Having just got back from hospital as an outpatient to get my ‘gammy leg’ dressed, I thought I’d describe what has taken place during the earlier part of this week – mostly so that I remember it myself. If I had to sum it up in a single picture, this would probably represent most of the action this week:
Note the sexy orange PJs and anti-embolism stockings. Hot, yes?
On Monday morning, I went to see my GP as I had a red swelling on my leg. This was a return visit as I had been there the preceding Tuesday for the same reason but at that point, the swelling was much smaller and less angry looking. At the first visit, it was suggested that a course of antibiotics was likely to resolve the problem. However, after taking them for nearly a week, it had not improved and on returning to my GP, I was sent straight to my local hospital. After the usual hanging around and being seen by several triage nurses and doctors, I was shown into A+E and seen by the registrar, who to my surprise, recommended that I be admitted as an in-patient as the swelling had become an abscess and would have to be removed surgically and under general anaesthetic.
After several hours of waiting for a bed, a nurse put a cannula in the crook of my arm and I was taken to the surgical admissions ward.
Being in the schedule for surgery means that your bed bay is marked with a nil by mouth sign and you are not to eat or drink anything. You are allowed to moisten your mouth with this apparatus. A small amount of water though this is, it is surprisingly good when you’ve had nothing else.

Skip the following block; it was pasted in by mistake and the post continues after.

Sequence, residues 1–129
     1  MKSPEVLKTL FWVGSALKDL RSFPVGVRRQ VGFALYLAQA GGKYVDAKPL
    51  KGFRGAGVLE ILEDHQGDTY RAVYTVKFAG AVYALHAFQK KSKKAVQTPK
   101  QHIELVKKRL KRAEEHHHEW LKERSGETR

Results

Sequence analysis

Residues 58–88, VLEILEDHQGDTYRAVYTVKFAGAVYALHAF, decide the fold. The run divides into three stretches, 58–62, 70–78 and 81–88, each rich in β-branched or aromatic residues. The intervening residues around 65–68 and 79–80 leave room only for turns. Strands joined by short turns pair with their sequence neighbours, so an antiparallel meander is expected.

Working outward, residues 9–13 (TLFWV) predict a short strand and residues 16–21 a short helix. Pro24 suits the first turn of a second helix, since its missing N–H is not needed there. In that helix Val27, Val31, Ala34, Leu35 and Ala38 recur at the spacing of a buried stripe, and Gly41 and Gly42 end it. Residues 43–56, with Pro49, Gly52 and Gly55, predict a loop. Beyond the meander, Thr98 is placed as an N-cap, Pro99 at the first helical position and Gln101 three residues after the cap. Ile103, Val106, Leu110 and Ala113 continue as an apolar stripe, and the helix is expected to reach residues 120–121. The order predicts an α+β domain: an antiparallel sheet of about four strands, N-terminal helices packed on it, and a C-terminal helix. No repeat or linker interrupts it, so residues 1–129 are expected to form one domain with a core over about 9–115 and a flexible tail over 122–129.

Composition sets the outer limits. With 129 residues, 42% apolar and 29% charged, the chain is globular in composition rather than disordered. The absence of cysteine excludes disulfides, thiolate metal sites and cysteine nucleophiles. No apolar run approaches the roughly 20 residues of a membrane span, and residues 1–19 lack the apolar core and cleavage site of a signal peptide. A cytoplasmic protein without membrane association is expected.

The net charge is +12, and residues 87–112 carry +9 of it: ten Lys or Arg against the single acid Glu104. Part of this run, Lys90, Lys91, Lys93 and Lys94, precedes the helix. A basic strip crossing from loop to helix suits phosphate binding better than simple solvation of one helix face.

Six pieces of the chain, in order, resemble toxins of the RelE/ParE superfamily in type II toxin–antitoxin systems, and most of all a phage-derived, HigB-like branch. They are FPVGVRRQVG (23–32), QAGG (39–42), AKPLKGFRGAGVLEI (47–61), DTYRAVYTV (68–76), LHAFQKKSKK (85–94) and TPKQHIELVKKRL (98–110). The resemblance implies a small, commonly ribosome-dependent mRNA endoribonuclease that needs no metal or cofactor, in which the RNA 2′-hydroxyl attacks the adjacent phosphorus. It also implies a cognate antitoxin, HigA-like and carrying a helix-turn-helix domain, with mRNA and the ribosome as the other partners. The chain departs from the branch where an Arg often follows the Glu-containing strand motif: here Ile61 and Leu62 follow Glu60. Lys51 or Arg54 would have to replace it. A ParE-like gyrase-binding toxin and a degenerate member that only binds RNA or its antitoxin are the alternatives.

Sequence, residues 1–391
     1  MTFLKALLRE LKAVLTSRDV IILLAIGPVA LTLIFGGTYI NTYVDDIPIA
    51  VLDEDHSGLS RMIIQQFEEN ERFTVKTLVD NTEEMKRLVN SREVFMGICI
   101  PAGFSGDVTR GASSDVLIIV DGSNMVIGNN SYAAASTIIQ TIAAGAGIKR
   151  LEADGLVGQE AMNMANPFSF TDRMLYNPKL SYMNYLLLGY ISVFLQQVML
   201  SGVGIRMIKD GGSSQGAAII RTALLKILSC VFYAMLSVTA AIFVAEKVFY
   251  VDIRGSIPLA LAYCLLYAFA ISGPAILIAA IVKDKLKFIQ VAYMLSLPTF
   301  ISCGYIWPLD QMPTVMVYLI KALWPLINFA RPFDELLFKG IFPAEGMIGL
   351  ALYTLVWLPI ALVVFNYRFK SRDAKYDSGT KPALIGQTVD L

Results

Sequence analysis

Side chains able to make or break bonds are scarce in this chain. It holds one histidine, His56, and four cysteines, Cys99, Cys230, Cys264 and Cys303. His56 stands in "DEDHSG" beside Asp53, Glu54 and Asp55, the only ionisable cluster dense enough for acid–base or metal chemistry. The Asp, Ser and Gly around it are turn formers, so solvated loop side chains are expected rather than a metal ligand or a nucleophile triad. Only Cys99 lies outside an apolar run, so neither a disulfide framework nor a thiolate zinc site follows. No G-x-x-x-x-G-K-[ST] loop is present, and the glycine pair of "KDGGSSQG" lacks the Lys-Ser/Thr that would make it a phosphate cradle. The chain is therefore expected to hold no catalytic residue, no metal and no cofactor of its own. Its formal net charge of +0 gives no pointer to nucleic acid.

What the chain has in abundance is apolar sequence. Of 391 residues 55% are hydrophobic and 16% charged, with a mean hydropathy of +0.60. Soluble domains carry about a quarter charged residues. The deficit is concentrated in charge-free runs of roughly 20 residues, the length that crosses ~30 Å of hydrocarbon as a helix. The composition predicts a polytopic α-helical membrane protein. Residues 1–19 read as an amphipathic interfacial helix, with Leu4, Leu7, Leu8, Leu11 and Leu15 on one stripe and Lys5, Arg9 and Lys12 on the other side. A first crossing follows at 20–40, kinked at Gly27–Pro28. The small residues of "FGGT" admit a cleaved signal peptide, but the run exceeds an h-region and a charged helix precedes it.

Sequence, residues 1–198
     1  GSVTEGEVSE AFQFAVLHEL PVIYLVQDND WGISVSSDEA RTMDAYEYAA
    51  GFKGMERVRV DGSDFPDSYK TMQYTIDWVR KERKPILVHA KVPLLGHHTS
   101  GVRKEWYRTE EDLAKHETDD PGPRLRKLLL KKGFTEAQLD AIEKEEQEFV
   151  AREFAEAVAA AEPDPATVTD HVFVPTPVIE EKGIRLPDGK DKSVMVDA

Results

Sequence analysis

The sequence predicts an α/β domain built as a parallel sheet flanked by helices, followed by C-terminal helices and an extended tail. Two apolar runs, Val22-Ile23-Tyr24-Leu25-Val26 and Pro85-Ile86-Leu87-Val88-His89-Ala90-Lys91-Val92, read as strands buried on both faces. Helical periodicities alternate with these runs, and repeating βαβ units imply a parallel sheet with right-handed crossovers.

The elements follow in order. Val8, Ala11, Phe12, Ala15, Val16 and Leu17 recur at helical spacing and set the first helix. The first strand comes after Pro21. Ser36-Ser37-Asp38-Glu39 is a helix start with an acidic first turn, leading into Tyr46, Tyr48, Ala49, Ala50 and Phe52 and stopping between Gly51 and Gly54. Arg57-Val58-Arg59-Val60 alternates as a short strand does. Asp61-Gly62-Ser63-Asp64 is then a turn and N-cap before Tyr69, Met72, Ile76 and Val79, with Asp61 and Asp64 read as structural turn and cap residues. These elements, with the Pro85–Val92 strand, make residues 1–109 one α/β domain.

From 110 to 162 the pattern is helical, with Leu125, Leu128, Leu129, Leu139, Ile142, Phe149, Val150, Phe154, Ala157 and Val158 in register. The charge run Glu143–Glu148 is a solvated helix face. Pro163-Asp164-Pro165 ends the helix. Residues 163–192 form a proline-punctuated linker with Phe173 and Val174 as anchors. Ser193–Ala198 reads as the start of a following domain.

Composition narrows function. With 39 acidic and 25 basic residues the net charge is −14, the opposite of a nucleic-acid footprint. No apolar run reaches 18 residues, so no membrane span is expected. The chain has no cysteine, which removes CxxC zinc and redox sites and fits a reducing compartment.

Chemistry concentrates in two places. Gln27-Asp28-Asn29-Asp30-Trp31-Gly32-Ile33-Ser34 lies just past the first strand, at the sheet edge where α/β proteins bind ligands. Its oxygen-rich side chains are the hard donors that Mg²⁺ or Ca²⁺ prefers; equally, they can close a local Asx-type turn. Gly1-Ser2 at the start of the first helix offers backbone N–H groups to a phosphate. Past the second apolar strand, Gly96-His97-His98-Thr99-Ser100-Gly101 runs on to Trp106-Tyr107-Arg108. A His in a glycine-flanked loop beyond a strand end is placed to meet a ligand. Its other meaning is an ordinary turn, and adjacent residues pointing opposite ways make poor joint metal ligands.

As it turned out, they couldn’t fit me into the surgery schedule in the evening so I was allowed a cheese sandwich, an apple and some water before I went to sleep. This was not before someone else was put in the same room as me who seemed reasonably uncomfortable and unfortunately, this presence caused a pretty big spike in the activity in my olfactory system – and not in a good way!
I woke up the following morning having slept a little but mostly just dozed, kind of the way I do on a plane. Rest – but not proper sleep. A lot of groaning and getting up and down from next door didn’t help but it could have been worse I suppose.
There was no breakfast for me when I woke up – just more IV fluids and water-soaked sponge lollies. One of the clinical surgeons came to see me and got me to sign consent forms – he suggested that the operation might well take place that morning. However, after several hours with little update and some confusion apparent as to whether I was a patient of general surgery or orthopaedic surgery (orthopaedics normally deal with bones but because of the position of the swelling on my leg, it was decided that I should be considered an orthopaedics patient). As a result, I started complaining to my nurse. Eventually, at about 4.30pm, the orthopaedic registrar came to apologise for the confusion and for me having been nil by mouth all day when I wasn’t going to be seen. He admitted that I wouldn’t be scheduled in until tomorrow. However, on the plus side, that did at least mean that I was allowed food, so by the evening I was feeling a bit better. Of note was that what on any other day may have tasted fairly ordinary took on a heightened deliciousness since I had not eaten any significant meals for almost forty-eight hours. I spent most of the day dressed in my Guantanamo Bay trousers and anti-DVT socks not to mention the surgery gown.